History, Loose Tea, Tea, Tea rooms

Aged Oolong

I attended an educational Zoom event last Tuesday evening provided by Tea Time Magazine and renowned tea historian, Bruce Richardson from Elmwood Inn Fine Teas in Kentucky. Although they touted this event as a “virtual tasting” and it was gently suggested you purchase 3 teas from Elmwood Inn to use during the event, there was no actual tasting on their end, nor did they spend a great deal of time discussing the very specific varieties one purchased. They claimed they did not have the time to brew and taste three teas during the event.

The lovely envelope the tea packets arrived in

I had attended a virtual tea tasting from our local Dobrà Tea in Portland, Maine earlier this spring and they actually brewed, and tasted the SIX teas we purchased to brew along with them. I found that to be a true tea tasting event and it was very well done.

That being said, I found the Tea Time Magazine event to be informative and I enjoyed hearing the extensive tea knowledge that Bruce has and his journeys throughout the world in his search for the perfect blends.

A great deal of the time was spent on Green tea as well as the many ways tea is distinguished by the season and locations the tea leaves are picked, and the way they are processed. Time was spent on how tea flavor changes with multiple steeps, something I have only done with oolong teas.

I was disappointed by the very short amount of time spent on black teas at the very end, which are my favorite. I’m far more fascinated by the depth of character and flavors in black, fully-oxidized teas than I am with the weaker, subtle flavors of green and white teas. If I owned a tea room, there would be more black teas than green teas for sure. Perhaps I’d call it The Malty Tea Shop so one would know going in what they’re going to get. 🙂

I am not a fan of green tea, so I haven’t even opened the packet purchased, but I have tried the oolong and the black tea. I can’t say either impressed me. However, upon asking what type of tea Bruce recommend for a smokey oolong, he recommended a 2005 aged oolong, which I promptly purchased.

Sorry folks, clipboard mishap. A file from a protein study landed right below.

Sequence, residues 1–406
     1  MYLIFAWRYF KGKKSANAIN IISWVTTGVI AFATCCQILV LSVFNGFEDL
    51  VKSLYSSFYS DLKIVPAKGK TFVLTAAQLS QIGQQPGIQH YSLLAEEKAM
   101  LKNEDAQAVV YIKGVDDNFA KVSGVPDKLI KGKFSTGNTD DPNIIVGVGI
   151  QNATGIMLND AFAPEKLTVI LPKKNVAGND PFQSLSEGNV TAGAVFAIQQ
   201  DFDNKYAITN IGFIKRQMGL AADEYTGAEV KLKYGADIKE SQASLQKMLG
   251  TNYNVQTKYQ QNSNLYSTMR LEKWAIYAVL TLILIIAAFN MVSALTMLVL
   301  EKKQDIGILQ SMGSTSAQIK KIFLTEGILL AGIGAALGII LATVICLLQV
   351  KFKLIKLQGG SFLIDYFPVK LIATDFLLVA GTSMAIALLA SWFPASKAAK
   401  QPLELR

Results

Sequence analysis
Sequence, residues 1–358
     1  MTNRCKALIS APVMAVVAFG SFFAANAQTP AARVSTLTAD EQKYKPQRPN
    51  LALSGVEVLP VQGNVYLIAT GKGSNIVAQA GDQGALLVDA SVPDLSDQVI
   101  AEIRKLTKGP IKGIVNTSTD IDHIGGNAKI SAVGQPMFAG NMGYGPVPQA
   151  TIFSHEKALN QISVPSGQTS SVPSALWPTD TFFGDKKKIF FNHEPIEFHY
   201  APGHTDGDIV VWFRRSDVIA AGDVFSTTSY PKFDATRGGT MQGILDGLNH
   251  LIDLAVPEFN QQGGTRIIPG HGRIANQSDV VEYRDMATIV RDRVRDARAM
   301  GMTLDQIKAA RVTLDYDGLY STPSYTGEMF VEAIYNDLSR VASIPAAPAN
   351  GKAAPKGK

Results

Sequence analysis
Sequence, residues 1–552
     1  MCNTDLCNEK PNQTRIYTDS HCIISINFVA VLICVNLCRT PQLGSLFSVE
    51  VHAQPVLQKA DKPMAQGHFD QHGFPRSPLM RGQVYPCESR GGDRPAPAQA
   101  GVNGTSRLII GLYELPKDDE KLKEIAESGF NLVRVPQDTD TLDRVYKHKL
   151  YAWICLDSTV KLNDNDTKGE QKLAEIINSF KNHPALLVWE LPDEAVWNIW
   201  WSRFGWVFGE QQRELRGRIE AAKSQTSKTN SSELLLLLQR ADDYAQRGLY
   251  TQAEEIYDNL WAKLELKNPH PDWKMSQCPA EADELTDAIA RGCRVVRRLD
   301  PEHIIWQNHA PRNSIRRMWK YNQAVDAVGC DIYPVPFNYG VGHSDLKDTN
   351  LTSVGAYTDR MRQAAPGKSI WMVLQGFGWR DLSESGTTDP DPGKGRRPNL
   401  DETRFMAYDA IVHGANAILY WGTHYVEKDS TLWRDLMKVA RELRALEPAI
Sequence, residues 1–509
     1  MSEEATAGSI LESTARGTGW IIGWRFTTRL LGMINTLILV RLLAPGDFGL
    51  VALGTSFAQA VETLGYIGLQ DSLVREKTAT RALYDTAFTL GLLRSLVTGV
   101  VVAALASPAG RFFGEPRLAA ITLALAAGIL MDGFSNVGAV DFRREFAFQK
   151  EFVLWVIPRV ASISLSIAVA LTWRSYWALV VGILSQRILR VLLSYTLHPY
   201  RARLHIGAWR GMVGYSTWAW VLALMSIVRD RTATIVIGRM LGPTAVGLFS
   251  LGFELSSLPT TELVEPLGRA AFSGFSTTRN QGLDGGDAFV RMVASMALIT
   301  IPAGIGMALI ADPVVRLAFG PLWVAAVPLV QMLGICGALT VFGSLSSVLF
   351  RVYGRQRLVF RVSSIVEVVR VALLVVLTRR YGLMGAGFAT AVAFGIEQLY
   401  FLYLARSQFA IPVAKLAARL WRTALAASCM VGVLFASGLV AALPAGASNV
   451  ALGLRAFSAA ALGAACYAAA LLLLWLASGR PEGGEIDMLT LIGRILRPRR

I enjoyed this wonderful brew with my kitty on a cloudy morning

Now THIS is a tea I can wrap my hands around. Aged Oolong refers to Oolong tea that has been stored for at least 3 years. These rare teas are generally full-bodied, rich, and have a well-rounded taste. This is a tea from Taiwan. I’m finding I prefer teas from China over Japan because they roast many of their teas….hence the full-bodied taste, no doubt.

Here is what I found in my tasting with the Aged Oolong:

  • The 1st steep (90 secs @ 185º) had a pinkish color and a rich, smokey taste. I enjoyed it’s immediate smokey flavor.
  • The 2nd steep (2 mins @ 185º) had a richer orange color and the flavor was more intense. More in line with my tastes with a stout and malty flavor.
  • The 3rd steep (2 mins @ 185º) was back to a brown-pink shade and the flavor changed dramatically with a more subtle smokiness. The least favorite of the three steeps, but still very nice.

Oolongs can have a combination of green teas as well, so perhaps that’s why I didn’t care for the blend sent for the tea tasting. And yes, I DO know how to brew a cup of green tea with lower water temps and less steeping time. I’m still not a fan. Give me a smokey oolong, pu erh, Lapsang souchong, or a Russian caravan tea any day.

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